I am a highly organised person, which I've been told is fairly rare in the art world. I religiously document my studio and my thoughts. These explorations into terminology are a form of documentation, of thought and process.
The notion of documentation as artwork can be seen in site art, performance art, ephemeral art and arguably, photography as a medium, to name a few. Documentation in process has become an integral part of the artworld. Most art is seen second hand, through various forms of documentation, primarily photography although the forms of presentation vary greatly.
A point should be made that the experience of art is shifted when experienced second hand. While arguably all context is second hand the experience of the audiences interaction with an artwork is first hand and therefore far deeper.
Documentation is moving more directly into my practice. With the inclusion of photographs the works reference a different time and a standardised form of representation.
I plan to use more forms of documentation in the artworks themselves. This is something I would like to explore in more depth.
The notion of the archive is tied to art in the public realm. Primarily associated with museums and historical record, the notion of the archive has been explored by artists like Tony Cragg, who displayed artefacts found in an excavation of the Thames, complete with vitrines and traditional display cases.
Archives are collections of documentation. The collection presents the record of a time or event.
Which could be seen as another example of the objectification of time.
They invite the audience to explore the history, often with accompanying information to inform and shape the context of these objects.
Object and context go hand-in-hand in an archive.
The collection of materials in my studio can be seen as an archive. Organising the materials can be an artwork in itself and it is certainly a performative act. I need to explore recording the process.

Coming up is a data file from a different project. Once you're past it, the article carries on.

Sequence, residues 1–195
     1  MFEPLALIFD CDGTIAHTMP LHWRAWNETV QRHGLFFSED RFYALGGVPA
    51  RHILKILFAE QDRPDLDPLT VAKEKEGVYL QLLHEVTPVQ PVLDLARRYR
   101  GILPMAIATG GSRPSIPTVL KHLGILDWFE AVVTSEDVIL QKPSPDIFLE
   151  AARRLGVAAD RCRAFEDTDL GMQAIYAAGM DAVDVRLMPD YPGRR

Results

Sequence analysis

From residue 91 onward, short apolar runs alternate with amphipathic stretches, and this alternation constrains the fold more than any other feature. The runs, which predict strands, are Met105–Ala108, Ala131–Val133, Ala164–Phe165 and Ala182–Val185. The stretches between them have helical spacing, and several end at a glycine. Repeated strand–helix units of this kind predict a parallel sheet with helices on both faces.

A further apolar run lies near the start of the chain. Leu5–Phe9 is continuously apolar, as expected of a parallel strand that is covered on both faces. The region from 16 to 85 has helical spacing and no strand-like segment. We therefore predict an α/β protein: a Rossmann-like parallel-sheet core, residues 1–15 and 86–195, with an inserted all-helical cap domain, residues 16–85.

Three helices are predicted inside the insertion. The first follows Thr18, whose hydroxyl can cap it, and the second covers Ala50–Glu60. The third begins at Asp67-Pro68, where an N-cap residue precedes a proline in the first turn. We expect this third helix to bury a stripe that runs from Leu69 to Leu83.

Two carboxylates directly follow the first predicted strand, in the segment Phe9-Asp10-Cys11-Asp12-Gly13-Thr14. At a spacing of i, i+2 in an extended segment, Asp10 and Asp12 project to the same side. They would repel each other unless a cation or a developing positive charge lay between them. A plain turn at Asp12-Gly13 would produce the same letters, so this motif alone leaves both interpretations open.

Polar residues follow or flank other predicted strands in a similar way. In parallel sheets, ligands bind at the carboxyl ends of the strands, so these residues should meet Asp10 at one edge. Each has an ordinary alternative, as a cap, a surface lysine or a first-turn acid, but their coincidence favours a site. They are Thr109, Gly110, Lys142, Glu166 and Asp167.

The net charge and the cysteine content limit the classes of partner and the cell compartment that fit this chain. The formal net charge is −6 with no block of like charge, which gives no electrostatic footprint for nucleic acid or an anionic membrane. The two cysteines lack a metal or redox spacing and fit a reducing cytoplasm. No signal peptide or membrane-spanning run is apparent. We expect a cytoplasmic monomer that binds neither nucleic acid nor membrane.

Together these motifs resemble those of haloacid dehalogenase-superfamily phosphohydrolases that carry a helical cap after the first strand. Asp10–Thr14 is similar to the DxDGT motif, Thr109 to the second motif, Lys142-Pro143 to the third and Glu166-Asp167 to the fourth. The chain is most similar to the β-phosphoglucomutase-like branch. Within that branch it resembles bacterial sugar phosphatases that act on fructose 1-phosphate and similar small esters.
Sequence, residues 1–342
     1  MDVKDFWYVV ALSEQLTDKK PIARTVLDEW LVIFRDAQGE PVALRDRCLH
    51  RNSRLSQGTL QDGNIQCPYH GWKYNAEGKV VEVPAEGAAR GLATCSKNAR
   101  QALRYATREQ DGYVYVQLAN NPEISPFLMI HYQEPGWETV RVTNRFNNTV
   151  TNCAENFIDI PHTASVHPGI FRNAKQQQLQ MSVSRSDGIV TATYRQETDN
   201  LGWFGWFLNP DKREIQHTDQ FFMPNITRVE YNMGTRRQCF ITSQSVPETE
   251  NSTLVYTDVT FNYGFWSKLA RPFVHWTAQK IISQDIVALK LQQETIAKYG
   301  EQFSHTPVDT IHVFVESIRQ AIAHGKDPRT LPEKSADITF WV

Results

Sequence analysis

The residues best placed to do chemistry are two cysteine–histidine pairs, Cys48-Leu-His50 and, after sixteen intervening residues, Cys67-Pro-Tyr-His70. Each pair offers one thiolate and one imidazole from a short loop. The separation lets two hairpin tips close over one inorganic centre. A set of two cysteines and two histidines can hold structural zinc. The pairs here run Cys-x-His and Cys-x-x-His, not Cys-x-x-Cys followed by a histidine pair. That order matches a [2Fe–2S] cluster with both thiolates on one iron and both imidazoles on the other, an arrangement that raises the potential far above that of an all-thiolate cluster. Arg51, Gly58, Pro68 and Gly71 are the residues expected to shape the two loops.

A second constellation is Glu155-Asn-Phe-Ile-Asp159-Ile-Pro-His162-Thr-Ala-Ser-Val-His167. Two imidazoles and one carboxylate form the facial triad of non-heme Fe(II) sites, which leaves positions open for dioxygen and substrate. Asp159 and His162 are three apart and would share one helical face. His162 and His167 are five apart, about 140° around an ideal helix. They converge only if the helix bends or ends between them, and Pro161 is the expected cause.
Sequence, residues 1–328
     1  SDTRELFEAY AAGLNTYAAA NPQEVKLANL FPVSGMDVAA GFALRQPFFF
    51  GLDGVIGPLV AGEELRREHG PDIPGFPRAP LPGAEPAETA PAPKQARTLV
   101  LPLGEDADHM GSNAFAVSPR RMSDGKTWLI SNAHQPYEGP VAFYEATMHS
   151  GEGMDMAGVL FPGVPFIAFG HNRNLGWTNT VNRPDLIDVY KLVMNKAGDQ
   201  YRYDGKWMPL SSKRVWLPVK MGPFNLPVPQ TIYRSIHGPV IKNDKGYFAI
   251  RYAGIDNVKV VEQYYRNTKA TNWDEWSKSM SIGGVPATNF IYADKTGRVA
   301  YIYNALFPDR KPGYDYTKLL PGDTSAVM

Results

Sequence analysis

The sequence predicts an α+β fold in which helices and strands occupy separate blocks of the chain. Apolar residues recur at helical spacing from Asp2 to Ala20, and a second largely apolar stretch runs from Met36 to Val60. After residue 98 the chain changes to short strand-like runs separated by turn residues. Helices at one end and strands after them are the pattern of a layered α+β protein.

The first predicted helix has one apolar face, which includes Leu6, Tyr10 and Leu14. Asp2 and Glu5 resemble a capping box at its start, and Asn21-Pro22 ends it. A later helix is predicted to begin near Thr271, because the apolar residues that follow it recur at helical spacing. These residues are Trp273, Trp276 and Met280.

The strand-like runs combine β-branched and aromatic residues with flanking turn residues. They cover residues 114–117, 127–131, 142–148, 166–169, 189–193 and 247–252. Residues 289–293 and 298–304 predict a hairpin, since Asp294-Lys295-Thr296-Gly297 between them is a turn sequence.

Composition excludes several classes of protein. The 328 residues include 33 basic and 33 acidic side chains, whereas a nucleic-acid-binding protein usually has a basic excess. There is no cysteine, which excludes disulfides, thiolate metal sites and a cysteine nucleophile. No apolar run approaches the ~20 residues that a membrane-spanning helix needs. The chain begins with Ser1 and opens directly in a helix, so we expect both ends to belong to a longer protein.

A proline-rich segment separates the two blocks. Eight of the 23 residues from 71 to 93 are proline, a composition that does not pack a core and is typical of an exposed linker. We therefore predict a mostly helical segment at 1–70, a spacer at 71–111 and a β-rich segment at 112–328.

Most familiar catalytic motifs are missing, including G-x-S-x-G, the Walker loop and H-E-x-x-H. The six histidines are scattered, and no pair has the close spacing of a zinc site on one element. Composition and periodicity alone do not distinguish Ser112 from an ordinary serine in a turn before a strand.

Note to self - also explore ways of recording the process. Video is not the only option. E.g. Ink on shoes.
Collection, in the practical sense, describes the way I gather materials. Often using a dustpan and brush, biodegradable bags or small jars.
The collection is not an unconsidered one. The detritus of life is a large portion of it. The initial focus comes through the categorisation of artistic production. However, other objects are being collected, through contextual links to the existing collection. (Another note to self - explore this more).
Excess. Too much. More than necessary. I have included this term here because it is related to the practical form of the other words (my collection is rather vast now) and yet the contextual links are far different.
However considered the inclusion of objects is, the collection grows. A reexamination of materials is regularly required. Another will follow in line with this conceptual reexamination.
Exploring the notion of excess has direct references to capitalist society. A link that I find increasingly relevant.
The excess of objects, information, and material, can form its own context. For me this is beginning in the difference between want and need. In modern society we rarely understand the difference between the two words, and increasingly they have merged.
In reality the two are vastly different. Many have more than they need, and many more have far less. Excess implies inequality. Unbalanced.
The objects found in museums (institutions of documentation), collections and archives are known as artifacts. The difference between an artifact and an object is the value placed upon it. It’s purpose, like those in the artworld, is shifted through our perception of its contextual value.
An artifact is a record or indication of something; it inspires thoughts about something else. Often from events or moments in time, which links to the ways i speak about my ongoing practice and the notion of practice-as-performance.
I have included this word here because of the focus of photography in my practice. It is used as a form of documentation, examination and presentation. The photographs become arguably more important than the work itself, and often the photograph is the only existence of many works.
I am exploring the use of photography, and other forms of documentation, more directly into the practice.
These words can be linked to the idea of preservation. The act of preserving something, object or idea, for later consideration, understanding or significance.
By extending the life of these materials am i preserving them? It would appear so, but does the word fit. Are they preserved or pre-served. (I do love a hyphen)
While I didn't expect this group of words to be a focus there seems to be a lot of points to come back to, therefore this grouping is more important than i realised.
These terms are important for my wider practice, and form part of the impetus for continuing, but they are less exemplified in individual artworks. A distance i plan to close somewhat in the coming term.
Update : after some further reflection i've come to realise that the important word in this group is ‘artifact’ as it covers many of the other words but has a more specific focus in my current explorations.